I don’t buy the red herring that “5 series buyers could buy a Chevy Malibu for less too, yet they don’t” because of one huge difference: the 5 series and the Malibu will go (approximately) the same distance on the same fuel! The i3 and the upcoming competing BEVs do not.

    Eventually range won’t matter as much but today, with most buyers being new to EVs, range is *everything* and then some.

    • mckillio says:

      You might be right and while range is certainly a big factor in one’s purchasing decision, it’s not everything. The 200 mile range vehicles are much more likely to be primary vehicles, whereas this is more likely to be a secondary vehicle. You also have to figure that some people will not buy a Chevy Bolt strictly because it is a Chevy and others may very well buy the i3 because it’s a BMW.

      • 181 says:

        To be honest, I don’t know anyone that has more than just a “primary” vehicle, so I’m not sure what your point is there. Why would someone buy a car not capable of being primary?

        Average household in the US has 1 car per person of driving age. Exceptions being large cities where mass transit is workable.

        • mckillio says:

          Primary meaning for the household, not the person.

          • 181 says:

            Ok, with that meaning I suppose that’s how my current i3 is now, though we tend to prefer it over our ICE for obvious reasons.

            Also if it’s truly a secondary vehicle then they are even less likely to spend more on a luxury brand.

            There’s just no way I can twist this to look positive for BMW.

  3. BMW4ME says:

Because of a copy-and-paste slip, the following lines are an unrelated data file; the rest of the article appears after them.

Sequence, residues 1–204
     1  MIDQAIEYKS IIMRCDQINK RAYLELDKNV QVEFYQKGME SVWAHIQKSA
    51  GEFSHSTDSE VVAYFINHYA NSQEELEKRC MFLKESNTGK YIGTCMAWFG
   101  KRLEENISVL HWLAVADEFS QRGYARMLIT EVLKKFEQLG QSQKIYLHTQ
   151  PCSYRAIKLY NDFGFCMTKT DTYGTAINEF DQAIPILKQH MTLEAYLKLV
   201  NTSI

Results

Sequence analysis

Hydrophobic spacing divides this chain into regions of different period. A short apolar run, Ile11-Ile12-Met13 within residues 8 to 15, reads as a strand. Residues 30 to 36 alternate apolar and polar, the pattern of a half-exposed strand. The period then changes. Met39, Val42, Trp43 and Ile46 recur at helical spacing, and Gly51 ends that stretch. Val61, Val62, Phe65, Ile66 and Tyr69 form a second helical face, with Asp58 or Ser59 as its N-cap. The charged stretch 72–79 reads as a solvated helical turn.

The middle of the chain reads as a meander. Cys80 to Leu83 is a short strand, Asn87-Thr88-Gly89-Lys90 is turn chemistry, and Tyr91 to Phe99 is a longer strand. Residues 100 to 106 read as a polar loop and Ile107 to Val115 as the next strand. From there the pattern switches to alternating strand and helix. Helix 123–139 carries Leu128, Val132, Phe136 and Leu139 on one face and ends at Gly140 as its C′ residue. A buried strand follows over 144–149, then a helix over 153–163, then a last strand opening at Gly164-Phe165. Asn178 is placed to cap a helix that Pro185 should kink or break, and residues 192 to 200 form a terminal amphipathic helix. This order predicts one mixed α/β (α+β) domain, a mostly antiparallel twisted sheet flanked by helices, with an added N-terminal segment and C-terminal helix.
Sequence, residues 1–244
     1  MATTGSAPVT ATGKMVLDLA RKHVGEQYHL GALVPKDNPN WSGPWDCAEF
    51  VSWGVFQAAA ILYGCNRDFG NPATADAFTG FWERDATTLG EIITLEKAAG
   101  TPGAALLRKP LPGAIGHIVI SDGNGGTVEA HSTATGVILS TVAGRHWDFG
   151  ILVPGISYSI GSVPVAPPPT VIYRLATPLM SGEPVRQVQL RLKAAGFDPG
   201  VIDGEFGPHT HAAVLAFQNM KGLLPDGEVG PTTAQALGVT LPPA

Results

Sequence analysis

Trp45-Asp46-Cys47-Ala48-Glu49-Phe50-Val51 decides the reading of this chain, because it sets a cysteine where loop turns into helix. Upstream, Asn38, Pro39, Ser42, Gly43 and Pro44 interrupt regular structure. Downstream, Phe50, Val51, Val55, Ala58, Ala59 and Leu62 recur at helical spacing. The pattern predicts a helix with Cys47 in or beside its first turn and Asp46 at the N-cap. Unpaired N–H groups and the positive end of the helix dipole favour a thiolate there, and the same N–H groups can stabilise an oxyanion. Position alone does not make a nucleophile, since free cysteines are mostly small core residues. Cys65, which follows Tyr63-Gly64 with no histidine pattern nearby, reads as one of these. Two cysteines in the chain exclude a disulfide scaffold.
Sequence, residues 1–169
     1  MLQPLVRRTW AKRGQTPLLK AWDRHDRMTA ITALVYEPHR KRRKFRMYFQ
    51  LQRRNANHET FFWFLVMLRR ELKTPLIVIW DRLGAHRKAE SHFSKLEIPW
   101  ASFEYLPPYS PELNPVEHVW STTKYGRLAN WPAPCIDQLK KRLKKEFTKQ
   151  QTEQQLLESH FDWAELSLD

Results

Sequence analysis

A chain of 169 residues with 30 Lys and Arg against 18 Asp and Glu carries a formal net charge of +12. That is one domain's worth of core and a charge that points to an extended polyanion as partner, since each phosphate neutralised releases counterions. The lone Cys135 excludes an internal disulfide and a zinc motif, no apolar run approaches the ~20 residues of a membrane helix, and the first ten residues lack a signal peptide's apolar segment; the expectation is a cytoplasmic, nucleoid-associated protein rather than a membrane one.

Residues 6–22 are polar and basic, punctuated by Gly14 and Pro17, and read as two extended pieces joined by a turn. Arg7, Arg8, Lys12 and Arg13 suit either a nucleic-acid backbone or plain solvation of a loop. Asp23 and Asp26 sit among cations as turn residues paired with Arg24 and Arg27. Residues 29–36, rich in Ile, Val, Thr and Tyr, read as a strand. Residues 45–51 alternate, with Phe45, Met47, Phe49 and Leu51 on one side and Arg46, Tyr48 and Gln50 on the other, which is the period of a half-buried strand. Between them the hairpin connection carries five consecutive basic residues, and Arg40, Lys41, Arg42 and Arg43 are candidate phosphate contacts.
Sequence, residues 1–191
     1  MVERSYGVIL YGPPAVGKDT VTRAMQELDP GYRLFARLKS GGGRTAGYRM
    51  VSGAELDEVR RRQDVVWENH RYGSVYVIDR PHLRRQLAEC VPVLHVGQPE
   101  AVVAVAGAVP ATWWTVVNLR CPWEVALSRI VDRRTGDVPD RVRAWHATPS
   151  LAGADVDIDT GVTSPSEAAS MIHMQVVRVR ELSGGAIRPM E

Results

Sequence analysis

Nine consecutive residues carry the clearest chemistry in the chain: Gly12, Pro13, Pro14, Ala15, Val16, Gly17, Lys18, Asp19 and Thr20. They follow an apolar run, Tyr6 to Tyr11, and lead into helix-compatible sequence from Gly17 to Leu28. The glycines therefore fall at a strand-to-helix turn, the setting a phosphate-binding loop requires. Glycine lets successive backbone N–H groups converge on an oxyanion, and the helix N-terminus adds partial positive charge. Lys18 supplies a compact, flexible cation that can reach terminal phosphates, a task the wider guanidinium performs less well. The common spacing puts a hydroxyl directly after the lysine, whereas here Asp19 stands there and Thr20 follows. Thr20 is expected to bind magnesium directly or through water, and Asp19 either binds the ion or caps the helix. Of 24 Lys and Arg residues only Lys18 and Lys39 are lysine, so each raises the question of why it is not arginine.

What’s not widely discussed: Larger battery capacity means greater charging time. Watch what you wish for! Having owned an i3 for almost 2 years–call me an early adopter–I can say that 80 miles is not sufficient. Why, because it’s hardly ever 80 miles. In winter months the range drops down to 50-60 miles making it difficult to plan trips to visit clients on the outskirts of the city. And even in more mild weather, the range rarely reaches 80 miles, unless one drives the car very moderately. Since this is a BMW, which has razor sharp steering and brisk acceleration, why would I drive it like a something it’s not? I’m not sure 200 miles is the right answer either. Why carry more charge than you need? Especially when it means carrying a lot more weight around. I don’t think that there’s a simple answer. Maybe providing capacity choices is the best solution so that individuals can balance range vs. weight vs. local charging infrastructure.

  4. mckillio says:

    Absolutely it will bring new buyers. The two biggest reasons people are hesitant about BEVs is the range and the price. And a lot of the issue with range is psychological as the latest reports of how often REX drivers actually use the REX. But I picture many people having different stages or tipping points for their levels of range anxiety and breaking the 100 mile barrier is one of them.

    As to the price, the increase seems reasonable in a vacuum compared to the current model but certainly not great compared to the future competition, especially given when this will be released. I’ve read that for every $5k you reduce the price of a vehicle, you double the number of potential customers. So I would really like to see BMW use this new battery tech in the base variant and pass along some of those savings to customers.

  5. johnbl says:

    As much as I love my BEV i3 and the 80-90 mile range is just fine…I’m sure that the only folks who’d considering any of four i3 variants will be those who will not want to wait the 12-18 months turnaround for delivery of the Model 3 once production starts. I’ll get my $1K deposit in 3/31, and see what will happen.

  6. hersey33 says:

    Other than to reinforce a low self concept and an urge to “look successful”, why would I pay nearly $20,000 more to drive a car with a range of 80 less miles than a Bolt? Also, to me, the range extender does not allow one to eliminate all of the ICE maintenance. You still have all of the oil & filter & other visits. What’s the use of that? I could justify a BEV i3 IF the price was similar to the Bolt. But it isn’t anywhere close.

  7. Mike333 says:

    To answer the title. Of course, 120 miles of range will bring in new buyers, for the REX version.